A Close Look at Earnings Trends
01/24/2014 12:01 am EST
After the first full week of non-financial earnings, MoneyShow's Jim Jubak closely examines the results to determine what trends are likely to impact investors in the coming weeks.
For the week ahead, let's watch earnings. The week of January 21 through, whatever, the 25th, was really the first big week of solid non-financial earnings. I think there's a pattern there and we need to look ahead and see whether it follows through because the pattern has not been particularly positive. It's not that earnings have been terrible. We're not seeing lots of misses, but what we're seeing is very, very, well, not enthusiastic responses to earnings, because companies are, basically, either just beating by a penny or missing slightly, but earnings are not really breaking through expectations. In a market that's at an all-time high, this is a problem.
Let's take the day of the 21st of January. Sixteen out of 17 companies reporting that they beat earnings. Most of them went down on the result. Johnson & Johnson (JNJ) is a good example. They beat by $0.04, which is a pretty decent beat, but in this environment, analysts and investors now are actually looking at how companies are doing this beat, because they're looking to see whether they're doing it by share buybacks, or cost cutting, or whether they're getting organic growth. In the case of Johnson & Johnson, the stock went down because the beat was, mostly, because the company was going to pay a whole lot lower tax rate for the quarter. This is not something; it was not expected by analysts, a big drop in tax rate, but not something that you can replicate quarter after quarter. Investors basically said this beat doesn't count.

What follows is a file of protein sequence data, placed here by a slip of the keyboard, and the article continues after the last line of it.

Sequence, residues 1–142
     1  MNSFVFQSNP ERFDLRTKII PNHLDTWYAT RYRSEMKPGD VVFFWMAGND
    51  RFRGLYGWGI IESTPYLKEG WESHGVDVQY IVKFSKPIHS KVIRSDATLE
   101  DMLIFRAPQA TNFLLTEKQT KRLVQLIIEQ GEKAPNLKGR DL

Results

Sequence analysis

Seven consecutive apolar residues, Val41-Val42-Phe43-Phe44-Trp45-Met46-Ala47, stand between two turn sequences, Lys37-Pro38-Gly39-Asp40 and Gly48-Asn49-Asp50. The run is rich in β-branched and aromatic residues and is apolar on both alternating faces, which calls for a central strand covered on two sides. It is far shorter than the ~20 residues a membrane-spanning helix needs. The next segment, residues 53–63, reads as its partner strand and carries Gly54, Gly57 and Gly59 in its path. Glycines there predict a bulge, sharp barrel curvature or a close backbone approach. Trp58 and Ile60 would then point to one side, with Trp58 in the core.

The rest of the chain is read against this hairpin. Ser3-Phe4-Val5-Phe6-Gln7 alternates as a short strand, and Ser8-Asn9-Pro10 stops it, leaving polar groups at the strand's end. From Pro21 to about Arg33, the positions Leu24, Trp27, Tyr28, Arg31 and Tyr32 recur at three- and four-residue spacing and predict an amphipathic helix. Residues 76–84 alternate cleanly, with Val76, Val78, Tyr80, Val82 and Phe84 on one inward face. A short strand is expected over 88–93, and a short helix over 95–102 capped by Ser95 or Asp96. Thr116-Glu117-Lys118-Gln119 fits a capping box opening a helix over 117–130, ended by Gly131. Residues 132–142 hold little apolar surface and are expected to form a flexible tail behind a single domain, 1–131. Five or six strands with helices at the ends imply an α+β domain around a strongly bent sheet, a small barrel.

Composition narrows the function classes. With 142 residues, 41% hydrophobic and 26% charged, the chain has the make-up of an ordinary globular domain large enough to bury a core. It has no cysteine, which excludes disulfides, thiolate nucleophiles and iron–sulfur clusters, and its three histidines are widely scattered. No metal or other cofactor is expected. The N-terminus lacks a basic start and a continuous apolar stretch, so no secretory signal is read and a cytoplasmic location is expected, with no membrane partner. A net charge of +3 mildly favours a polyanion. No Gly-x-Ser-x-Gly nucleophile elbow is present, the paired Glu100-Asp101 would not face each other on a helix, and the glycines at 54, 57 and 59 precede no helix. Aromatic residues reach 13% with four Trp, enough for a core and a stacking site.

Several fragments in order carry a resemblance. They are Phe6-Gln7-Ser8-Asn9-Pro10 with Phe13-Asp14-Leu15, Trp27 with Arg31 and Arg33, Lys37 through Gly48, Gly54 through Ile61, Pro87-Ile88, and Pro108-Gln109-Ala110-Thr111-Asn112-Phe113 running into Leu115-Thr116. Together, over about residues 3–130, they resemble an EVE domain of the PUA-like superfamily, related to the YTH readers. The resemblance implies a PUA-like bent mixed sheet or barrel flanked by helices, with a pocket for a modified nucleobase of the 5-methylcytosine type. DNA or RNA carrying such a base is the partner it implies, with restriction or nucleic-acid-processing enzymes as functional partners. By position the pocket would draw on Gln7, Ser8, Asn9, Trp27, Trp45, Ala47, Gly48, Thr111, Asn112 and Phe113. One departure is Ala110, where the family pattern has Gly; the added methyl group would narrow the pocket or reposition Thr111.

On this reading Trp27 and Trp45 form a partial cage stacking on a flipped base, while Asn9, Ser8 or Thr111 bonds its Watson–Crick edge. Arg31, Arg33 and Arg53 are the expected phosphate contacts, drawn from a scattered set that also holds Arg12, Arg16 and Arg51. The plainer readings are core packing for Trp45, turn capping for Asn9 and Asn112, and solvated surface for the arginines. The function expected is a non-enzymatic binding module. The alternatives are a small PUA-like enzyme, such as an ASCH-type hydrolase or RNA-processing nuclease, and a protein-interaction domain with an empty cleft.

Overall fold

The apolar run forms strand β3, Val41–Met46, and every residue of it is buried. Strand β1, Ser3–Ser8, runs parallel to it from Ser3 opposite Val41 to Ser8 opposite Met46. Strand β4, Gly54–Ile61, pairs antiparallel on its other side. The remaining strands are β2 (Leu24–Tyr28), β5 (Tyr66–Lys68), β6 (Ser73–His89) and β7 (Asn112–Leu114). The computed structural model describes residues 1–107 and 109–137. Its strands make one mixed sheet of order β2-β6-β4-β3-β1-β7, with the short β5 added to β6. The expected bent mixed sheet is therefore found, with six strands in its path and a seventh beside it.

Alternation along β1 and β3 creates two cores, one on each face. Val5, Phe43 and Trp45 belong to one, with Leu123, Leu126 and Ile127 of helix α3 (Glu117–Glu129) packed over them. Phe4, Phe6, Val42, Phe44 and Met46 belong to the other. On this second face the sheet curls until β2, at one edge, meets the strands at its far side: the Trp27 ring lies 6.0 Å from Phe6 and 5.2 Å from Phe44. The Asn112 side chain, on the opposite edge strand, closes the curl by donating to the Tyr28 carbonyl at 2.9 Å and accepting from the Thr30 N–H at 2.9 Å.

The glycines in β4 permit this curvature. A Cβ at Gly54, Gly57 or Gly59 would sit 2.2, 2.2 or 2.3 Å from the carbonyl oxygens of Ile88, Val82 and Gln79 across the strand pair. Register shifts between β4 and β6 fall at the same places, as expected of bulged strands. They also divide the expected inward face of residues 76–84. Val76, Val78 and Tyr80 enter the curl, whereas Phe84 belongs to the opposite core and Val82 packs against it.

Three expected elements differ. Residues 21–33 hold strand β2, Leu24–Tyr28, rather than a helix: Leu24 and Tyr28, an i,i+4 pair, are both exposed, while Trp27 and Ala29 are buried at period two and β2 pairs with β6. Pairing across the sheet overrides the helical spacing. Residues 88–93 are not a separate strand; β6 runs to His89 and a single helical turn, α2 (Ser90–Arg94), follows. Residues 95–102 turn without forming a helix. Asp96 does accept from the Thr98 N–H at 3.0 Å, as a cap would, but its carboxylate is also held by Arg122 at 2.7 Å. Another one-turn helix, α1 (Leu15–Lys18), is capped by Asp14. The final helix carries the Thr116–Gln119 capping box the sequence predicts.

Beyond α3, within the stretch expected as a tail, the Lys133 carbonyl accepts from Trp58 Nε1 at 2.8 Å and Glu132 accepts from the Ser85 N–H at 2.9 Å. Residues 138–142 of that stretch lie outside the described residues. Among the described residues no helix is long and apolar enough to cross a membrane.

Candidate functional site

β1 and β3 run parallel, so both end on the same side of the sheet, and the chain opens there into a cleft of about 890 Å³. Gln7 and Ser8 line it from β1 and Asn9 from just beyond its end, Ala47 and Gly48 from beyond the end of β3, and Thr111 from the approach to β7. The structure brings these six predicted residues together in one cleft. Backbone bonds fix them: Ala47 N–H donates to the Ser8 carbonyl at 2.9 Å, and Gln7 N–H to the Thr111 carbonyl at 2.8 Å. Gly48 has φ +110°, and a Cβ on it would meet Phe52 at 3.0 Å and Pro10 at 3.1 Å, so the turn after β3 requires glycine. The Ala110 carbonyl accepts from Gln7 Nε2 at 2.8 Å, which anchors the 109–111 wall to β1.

We're getting about the usual number of companies beating estimates. We've had about 70 so far, but they're not convincing. We get a company like Abbott (ABT) that matches expectations, and then misses on revenue, or we get a company like US Bancorp (USB) that beats by a penny on earnings, but then the revenue's only in line. That's not enough to get people enthusiastic about stocks, when stocks are at these prices, and where there's enough background worry about China, housing prices, and emerging markets to keep investors on edge. That's what I would look for, for the rest of the earning season, to see whether we get some enthusiasm going here, because otherwise, it's going to be very hard in the short-term for stocks to move up.
This is Jim Jubak for the MoneyShow.com Video Network.
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